— Composer Leslie Uyeda conducted five productions at the Vancouver Opera between the early nineties and early 2000s, and was VO’s Chorus Master up to 2005. “I recall being in a Masterclass given by Joan Dorneman from the Met, before I had given much thought to conducting. She said to all of us young coaches, ‘If you have an opinion, be a conductor.’ I guess I decided that I had opinions!” She became aware soon enough that forging a conducting career as a woman will be very different. “It seems that for a woman to have a conducting career, for the most part, she has to start her own organization or have a very influential backer.” Were the orchestras cooperative when she was starting out? “Not many of us were around! I knew I was pioneering to a certain extent, but being in Canada, the worst treatment I received from orchestras was silence. And one engagement did not necessarily lead to another. I think this is still a problem for many women. Someone has to promote you (other than an agent). If that doesn’t happen, it can be difficult.”

— [Kinza] Tyrrell has herself received comments on her appearance more times than any of her male colleagues in their lifetime. “Rather than hearing how good my languages were, or how well I cued or played, after a rehearsal I’d sometimes hear from some of my male colleagues how good I looked.” Feminine dress and relatively young appearance can work against a female conductor’s authority. “I see the respect my male colleagues get, even those younger than me.” There is an almost automatic respect for a male conductor or coach. “I am often friendly and humourous in rehearsals, and people like that I’m approachable and can break down what the maestro meant by what he said. But this kind of trouble-shooting is a conducting assistant’s work. It’ll be interesting to be the principal conductor and be the head.”

(Caron Daley’s take on why there are more women in choral conducting) “In choral setting it’s about a relationship, about teaching, you can crack a few jokes…You are also taking care of people’s bodies, care about the temperature and the humidity. There are also more amateur choirs than amateur orchestras. I think the basic premise is, anybody can learn to sing, whereas not everybody will be good with an instrument. When I’m in front of a professional orchestra, I’m not going to start with ‘Hi guys, how’s everybody doing.’ They are on the clock and rehearsals must be efficient. And even if it’s a professional choir I’m conducting, the rehearsal cannot be that driven. It has to be more about the person before me.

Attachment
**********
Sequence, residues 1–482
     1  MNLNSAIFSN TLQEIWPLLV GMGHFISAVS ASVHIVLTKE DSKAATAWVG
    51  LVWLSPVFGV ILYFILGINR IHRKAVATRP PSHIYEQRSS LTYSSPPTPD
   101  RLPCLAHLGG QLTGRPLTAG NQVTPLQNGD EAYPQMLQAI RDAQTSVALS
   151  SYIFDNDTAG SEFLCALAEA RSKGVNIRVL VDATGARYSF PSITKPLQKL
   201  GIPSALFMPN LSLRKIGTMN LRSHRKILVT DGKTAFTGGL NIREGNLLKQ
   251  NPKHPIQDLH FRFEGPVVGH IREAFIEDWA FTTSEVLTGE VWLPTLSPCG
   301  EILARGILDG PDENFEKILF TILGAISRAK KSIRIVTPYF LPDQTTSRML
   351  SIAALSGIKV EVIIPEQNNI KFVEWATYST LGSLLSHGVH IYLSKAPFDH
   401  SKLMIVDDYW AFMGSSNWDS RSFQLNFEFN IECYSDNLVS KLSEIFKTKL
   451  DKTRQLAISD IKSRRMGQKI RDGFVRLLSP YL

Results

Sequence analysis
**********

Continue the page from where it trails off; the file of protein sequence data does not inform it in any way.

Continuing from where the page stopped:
Tania Miller
Tania Miller, Victoria Symphony



IMG_20150523_170237The 21C’s Cinq à sept concert yesterday turned out to be an extraordinary event. Let’s see if I can say something coherent about the two personal highlights, the world premiere of Jordan Nobles’ work titled π, and Carla Huhtanen and Marion Newman performing parts of Saariaho’s Grammar of Dreams.

Commissioned by the RCM specifically for this festival, π was performed by an ensemble consisting of violin (Aysel Taghi-Zada), cello (Amahl Arulanandam), vibes (Dave Burns), flute (Tim Crouch) and piano (Adam Sherkin), plus a soprano (Carla Huhtanen). The composer said a few introductory words on how the work came about and how he—basically, randomly–got interested in using the numbers of the π as the blueprint for the composition. This was just enough to send me on a research spree on my own after I made it back home.

So let’s break it down. Stay with me, it’s worth it.

π – 3.1415(et endless cetera) is a math constant. You’ll remember this from elementary school: the circumference of a circle equals its diameter times π, that is, its diameter times 3.14. It’s an irrational number that just goes on and that computers now can specify to millions of digits, if you’re into that sort of thing. For practical, earthly purposes, the engineers and what-nots limit the number to a couple of digits past the decimal point.

But Nobles didn’t; he went some way into the number and thought, hmm, what if I took a scale—let’s say D minor harmonic (my source on what scale precisely it was is Carla Huhtanen via Twitter! Thanks Carla):

d-harmonic-minor-scale-on-treble-clefimage source: BasicMusicTheory.com